Toyota Motor Corp. addresses the colossal U.S. truck market and its own need for more capacity with plans to build an $800 million pickup truck plant in San Antonio, TX.

The No.1 Japanese auto maker plans to produce 150,000 next-generation Tundra pickups annually at the plant, which will be its sixth in North America. The next-generation truck reportedly will be larger, in order to better compete against the dominant Big Three entries and the new Nissan Titan, which goes on sale in December (see story, p.38).

Toyota says it plans to continue production of the Tundra at its Princeton, IN, facility, where it currently builds the truck at a rate of 100,000 units annually on the same line as the Sequoia fullsize SUV. The auto maker recently added Sienna production to a new line at Princeton, and Sequoia can be built on either line.

The forthcoming Texas plant adds one more layer of flexible manufacturing for Toyota. And Tundra likely represents just the first phase of production at the Texas site. The auto maker has a history of starting small and adding new vehicles and lines over time.

Toyota Motor Texas Mfg. Inc. is slated to begin production in 2006 and employ some 2,000 workers. Site preparation and construction begins later this year. Texas beat out Arkansas and several other states for the plant. Oh, and Texas is the largest pickup truck market in the U.S.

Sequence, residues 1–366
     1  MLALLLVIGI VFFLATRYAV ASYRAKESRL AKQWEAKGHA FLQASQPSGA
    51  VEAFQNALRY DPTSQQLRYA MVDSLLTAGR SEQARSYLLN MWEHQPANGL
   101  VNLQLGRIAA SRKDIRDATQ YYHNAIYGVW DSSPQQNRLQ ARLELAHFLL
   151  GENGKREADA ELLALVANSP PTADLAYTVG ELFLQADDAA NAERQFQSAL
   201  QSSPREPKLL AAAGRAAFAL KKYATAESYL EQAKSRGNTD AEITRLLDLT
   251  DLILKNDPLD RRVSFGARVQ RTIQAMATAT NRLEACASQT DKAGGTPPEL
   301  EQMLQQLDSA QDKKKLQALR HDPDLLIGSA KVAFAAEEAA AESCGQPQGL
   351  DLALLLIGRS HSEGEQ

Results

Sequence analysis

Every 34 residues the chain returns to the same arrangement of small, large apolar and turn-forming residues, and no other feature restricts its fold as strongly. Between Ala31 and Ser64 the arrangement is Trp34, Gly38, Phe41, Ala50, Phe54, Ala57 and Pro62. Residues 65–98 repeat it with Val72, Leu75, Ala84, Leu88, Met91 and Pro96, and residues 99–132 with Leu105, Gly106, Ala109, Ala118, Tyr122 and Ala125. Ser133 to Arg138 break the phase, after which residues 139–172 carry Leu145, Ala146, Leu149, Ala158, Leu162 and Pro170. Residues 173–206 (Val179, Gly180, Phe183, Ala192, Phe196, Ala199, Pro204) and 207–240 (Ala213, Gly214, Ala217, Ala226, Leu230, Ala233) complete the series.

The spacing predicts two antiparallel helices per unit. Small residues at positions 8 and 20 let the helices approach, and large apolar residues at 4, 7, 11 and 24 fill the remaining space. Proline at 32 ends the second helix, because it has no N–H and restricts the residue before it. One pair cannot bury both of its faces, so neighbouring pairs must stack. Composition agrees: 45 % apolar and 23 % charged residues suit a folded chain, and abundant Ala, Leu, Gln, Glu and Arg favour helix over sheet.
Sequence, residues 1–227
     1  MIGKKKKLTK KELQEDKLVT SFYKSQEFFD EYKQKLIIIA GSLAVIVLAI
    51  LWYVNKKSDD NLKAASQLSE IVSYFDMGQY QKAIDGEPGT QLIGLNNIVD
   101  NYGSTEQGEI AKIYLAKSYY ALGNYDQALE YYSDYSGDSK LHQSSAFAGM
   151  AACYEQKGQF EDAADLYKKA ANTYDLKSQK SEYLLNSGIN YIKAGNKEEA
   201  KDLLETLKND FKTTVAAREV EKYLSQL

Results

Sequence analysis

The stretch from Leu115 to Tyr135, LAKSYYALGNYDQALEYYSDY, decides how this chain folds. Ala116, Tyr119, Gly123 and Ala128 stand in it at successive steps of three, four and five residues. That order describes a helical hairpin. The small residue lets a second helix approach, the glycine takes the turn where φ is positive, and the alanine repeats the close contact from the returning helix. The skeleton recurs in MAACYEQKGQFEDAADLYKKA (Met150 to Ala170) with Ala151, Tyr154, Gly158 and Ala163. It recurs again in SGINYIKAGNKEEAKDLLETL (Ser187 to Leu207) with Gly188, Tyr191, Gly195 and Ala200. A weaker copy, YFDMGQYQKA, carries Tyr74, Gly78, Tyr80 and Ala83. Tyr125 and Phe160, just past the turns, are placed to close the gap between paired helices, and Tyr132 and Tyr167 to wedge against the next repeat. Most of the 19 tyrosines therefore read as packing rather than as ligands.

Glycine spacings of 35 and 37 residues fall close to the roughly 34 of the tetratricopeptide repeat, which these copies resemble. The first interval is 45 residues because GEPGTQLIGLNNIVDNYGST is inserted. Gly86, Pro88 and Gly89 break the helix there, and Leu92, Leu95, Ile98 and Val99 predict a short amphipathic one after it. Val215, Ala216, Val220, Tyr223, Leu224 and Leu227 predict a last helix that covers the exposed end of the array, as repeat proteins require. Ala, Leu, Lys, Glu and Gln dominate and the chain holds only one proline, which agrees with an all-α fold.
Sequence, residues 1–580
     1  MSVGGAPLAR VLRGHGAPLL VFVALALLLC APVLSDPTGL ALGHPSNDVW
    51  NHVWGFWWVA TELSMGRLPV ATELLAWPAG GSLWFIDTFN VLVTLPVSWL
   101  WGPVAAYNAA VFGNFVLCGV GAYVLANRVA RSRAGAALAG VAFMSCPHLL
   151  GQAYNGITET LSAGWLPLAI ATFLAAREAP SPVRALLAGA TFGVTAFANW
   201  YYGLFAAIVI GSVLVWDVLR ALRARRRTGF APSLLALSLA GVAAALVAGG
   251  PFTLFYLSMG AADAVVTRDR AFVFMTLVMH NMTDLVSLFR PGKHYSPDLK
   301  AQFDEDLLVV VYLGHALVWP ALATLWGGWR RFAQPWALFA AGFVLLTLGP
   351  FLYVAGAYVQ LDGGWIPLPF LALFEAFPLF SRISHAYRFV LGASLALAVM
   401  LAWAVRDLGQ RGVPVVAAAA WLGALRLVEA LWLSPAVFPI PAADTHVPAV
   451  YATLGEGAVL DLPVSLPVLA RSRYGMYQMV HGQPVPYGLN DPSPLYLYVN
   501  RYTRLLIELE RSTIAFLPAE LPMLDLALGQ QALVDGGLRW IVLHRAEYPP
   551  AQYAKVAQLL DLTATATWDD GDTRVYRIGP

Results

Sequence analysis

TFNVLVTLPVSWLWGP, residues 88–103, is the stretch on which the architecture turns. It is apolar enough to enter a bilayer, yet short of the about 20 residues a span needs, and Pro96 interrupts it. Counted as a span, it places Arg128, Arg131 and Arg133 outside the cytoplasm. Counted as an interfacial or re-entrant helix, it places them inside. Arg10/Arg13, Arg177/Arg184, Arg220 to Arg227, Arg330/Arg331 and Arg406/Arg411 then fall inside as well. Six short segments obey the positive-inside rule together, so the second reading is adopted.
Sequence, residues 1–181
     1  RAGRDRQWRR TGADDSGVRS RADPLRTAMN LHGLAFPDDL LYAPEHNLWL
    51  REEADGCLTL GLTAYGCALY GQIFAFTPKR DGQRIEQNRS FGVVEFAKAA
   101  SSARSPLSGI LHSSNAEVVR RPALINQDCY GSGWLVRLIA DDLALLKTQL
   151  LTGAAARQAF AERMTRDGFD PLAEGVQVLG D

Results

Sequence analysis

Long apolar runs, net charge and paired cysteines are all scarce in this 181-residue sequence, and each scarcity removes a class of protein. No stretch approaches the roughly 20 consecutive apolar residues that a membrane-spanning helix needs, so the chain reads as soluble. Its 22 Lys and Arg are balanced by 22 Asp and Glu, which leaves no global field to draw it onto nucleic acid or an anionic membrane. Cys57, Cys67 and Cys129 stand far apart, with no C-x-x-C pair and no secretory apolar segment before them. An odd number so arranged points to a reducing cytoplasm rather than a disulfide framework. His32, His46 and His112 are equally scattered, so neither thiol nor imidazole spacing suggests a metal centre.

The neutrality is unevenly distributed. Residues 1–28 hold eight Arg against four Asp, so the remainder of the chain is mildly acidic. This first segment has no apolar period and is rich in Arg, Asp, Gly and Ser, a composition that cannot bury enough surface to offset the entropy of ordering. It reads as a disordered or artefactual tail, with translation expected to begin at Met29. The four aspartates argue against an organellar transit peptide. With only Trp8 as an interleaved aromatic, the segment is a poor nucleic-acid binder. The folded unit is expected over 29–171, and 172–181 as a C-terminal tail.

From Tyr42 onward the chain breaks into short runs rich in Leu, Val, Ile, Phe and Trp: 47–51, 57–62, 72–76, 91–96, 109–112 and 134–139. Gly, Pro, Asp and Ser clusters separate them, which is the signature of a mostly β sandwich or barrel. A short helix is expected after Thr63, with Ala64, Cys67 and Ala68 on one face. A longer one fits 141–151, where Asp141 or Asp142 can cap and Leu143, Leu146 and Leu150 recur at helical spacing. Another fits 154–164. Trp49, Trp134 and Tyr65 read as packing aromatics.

The state of Texas and city of San Antonio ponied up a combined $133 million in incentives for the plant, which is lower than the current industry trend. In exchange, Texas gets a $78 million payroll with the $20/hour jobs being some of the best paying in the area.

The addition of the Texas plant and another new facility in Tijuana, Mexico, slated to begin building Tacoma compact pickups in 2005, will boost Toyota's North American production capacity to 1.65 million units annually.

More capacity should help the auto maker achieve its aggressive growth goals of 15% market share in the U.S. by 2010. Toyota last year captured 10.4% of the market. Toyota also seeks a more even balance in car and truck sales to better reflect the U.S. market. Last year, Toyota sold 985,835 cars and 770,292 trucks, for a 56/44 split in favor of cars.

Meanwhile, Toyota reports a fiscal third quarter 2002 profit of ¥216 billion ($1.8 billion), almost doubling the ¥111.4 billion ($931.3 million) earned in like-2001.